Nobel winner praises key work in Chemistry at Durham University
(28 June 2006)
One of the world’s top scientists, Nobel Prize winner Professor Bob Grubbs, has praised the work of Durham University’s Chemistry Department after seeing examples of its international-class research. Prof Grubbs, of the California Institute of Technology (Caltech), who collected his Nobel Prize last December from the King of Sweden in Stockholm, has been an active collaborator with Durham University chemists for many years.
He had a week’s visit to meet staff and to inaugurate the Chemistry Department’s Frontiers in Science Lecture series - ‘The Durham Lectures’. (‘Olefin Metathesis: Fundamental Science to Commercial Applications’).
Work by Durham scientists includes making new molecules and molecular assemblies, for applications in materials science, including the controlled synthesis of polymers, closely linked to the branch of chemistry that earned Prof Grubbs his Prize.
The ‘Grubbs Reaction’, which he devised, is now a vital scientific and increasingly commercial step in many chemical processes. It relates to the manipulation and use of a particular type of molecule, called olefin, where atom groups change places in a reaction. This is known as olefin metathesis.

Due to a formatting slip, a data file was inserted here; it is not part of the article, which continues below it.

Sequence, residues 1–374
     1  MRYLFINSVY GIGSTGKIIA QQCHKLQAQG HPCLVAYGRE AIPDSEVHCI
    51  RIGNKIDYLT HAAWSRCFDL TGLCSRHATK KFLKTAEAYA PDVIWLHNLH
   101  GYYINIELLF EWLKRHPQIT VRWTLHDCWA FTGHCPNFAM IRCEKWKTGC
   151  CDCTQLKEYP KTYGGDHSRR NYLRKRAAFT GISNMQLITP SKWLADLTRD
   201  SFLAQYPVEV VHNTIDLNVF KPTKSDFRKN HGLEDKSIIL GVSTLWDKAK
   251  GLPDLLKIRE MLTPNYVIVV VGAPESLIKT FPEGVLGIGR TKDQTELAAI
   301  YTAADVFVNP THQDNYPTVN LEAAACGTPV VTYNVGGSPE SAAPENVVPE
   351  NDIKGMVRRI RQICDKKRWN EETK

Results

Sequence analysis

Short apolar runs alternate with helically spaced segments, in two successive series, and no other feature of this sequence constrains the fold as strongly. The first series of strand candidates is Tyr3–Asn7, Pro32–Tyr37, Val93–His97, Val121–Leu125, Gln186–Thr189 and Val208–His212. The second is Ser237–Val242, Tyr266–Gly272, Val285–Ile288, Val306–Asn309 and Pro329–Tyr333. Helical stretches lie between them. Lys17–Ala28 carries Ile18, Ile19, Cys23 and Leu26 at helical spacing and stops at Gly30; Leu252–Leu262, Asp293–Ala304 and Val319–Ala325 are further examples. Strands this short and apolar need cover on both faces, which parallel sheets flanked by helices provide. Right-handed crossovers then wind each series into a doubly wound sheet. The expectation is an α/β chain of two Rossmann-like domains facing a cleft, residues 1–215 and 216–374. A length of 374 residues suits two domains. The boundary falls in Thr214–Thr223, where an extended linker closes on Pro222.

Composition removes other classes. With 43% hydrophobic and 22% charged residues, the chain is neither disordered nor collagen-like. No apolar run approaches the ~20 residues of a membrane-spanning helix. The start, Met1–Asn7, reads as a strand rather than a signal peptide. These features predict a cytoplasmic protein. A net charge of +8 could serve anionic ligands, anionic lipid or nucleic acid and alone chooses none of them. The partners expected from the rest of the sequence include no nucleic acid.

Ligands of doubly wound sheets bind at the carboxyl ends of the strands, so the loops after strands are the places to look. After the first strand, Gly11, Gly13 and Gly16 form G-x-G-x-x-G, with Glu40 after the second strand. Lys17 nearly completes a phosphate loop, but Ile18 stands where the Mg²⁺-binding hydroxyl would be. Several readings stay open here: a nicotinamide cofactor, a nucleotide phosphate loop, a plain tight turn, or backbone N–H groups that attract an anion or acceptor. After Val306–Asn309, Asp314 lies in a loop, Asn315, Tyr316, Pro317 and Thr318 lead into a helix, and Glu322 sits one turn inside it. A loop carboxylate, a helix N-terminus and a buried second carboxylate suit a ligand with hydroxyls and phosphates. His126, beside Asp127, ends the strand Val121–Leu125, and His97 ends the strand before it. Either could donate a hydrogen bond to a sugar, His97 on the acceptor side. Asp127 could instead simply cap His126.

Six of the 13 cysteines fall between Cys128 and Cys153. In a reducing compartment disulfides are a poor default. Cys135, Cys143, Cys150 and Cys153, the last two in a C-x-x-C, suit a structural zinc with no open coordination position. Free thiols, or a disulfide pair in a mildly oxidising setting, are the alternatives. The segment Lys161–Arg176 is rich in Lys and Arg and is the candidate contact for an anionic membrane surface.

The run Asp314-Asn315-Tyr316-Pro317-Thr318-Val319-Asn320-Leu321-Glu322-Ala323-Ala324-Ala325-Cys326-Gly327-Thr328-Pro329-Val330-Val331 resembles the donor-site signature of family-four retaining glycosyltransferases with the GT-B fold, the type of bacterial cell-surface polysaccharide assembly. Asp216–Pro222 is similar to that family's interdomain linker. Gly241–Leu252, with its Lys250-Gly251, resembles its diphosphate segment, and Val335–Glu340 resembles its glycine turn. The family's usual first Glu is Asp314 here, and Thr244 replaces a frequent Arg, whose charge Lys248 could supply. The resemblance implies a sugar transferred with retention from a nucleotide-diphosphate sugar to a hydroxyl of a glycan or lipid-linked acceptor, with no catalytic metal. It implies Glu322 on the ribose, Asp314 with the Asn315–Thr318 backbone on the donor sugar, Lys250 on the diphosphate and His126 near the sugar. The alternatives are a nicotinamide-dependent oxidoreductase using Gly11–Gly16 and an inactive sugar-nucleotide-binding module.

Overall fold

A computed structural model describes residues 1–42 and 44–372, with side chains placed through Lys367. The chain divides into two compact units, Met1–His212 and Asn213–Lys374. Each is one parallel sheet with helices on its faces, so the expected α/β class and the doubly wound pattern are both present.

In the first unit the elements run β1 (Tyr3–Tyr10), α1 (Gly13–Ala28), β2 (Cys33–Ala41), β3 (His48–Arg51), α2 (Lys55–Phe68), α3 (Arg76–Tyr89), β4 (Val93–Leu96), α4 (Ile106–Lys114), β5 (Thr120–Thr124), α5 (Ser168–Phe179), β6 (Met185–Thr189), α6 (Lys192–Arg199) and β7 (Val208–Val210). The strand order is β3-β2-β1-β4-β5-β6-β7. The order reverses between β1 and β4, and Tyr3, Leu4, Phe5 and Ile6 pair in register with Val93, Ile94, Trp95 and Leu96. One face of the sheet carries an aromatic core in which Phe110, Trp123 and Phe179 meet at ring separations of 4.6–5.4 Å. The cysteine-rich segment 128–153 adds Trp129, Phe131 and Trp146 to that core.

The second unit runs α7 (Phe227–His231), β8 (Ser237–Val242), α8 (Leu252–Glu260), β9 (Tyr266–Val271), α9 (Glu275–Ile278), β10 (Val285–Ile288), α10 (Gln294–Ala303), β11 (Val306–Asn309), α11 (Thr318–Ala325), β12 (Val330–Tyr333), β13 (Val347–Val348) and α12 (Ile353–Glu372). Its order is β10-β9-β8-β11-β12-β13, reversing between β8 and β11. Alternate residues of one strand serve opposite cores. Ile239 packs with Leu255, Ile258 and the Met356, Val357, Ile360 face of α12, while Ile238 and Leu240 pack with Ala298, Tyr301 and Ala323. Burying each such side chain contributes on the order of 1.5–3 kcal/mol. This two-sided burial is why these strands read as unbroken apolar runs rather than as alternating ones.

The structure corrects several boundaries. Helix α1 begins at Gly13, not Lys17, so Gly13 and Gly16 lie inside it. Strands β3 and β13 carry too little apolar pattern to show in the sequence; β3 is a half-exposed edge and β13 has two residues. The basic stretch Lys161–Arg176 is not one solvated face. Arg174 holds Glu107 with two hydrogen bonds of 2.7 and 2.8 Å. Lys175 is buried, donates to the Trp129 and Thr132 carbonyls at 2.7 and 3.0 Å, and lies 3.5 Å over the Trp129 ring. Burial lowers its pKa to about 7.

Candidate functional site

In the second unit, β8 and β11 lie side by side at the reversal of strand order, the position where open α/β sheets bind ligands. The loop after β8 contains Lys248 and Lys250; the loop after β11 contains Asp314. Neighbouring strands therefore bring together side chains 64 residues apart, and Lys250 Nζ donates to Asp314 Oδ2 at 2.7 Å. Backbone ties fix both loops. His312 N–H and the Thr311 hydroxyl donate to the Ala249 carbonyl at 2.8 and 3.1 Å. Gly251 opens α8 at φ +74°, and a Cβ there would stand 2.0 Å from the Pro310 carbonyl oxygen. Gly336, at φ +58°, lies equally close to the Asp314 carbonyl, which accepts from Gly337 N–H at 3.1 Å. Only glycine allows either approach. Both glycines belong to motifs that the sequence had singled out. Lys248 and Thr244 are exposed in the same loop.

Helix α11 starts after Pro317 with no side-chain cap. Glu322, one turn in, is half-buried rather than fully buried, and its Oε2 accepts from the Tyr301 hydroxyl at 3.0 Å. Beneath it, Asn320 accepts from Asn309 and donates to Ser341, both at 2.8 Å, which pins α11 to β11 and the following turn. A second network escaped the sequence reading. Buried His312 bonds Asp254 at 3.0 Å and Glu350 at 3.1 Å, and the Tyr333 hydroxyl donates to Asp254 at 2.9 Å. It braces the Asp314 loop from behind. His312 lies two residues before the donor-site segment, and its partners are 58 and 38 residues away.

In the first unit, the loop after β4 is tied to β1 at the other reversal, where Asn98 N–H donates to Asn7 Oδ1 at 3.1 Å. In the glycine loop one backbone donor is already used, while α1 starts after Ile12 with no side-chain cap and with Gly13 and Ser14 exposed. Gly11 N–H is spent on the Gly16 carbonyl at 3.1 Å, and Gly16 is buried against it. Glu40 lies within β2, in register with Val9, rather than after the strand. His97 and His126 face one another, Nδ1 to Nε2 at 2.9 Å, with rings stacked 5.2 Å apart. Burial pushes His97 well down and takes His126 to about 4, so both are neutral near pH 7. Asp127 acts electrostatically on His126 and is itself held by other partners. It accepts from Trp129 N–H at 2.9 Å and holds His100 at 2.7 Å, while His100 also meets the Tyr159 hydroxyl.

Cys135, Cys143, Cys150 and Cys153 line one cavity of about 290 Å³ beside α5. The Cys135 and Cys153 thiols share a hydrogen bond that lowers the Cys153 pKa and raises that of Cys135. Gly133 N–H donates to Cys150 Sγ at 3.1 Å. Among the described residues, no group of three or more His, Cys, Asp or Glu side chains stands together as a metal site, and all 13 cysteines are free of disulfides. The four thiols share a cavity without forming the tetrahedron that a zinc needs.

Related work at Durham is among international research to develop catalysts that are much more efficient than many other existing methods because they work under in more benign conditions, take less time, use fewer resources and, in general, make less waste. Such features make the processes more attractive from both a commercial and environmental perspective.
Prof Bob Grubbs has a long association with Durham's Chemistry Department. He was one of the international experts consulted by the UK research funding bodies nearly 20 years ago about investment in polymer science. Durham was chosen to co-host an Interdisciplinary Research Centre, along with Leeds and Bradford universities, which proved to be a landmark in the development of Polymer Science and the foundation for a wide range of present-day research.
Prof Grubbs said: "Durham is at the core of this work. Biologists, engineers or other scientists come to chemists and say 'we need something that will do this or that job' and the chemists get to work on the synthesis of the molecules and the new materials. And while we do that, we also develop techniques that can be applied in other areas of chemistry. For example our research to make new kinds of plastics and to develop techniques that will help pharmaceutical research."
He said he hopes to see more funding in basic chemistry and the recognition of quality of individual researchers, as well as the broader programme-based funding for partnerships and collaborations.
Head of Chemistry, Professor David Parker, said: "The interest of Prof Bob Grubbs in Durham's work underlines its international significance. We are delighted to welcome him back to congratulate him personally on his Nobel Prize, and to show him examples of related ongoing research in Durham Chemistry."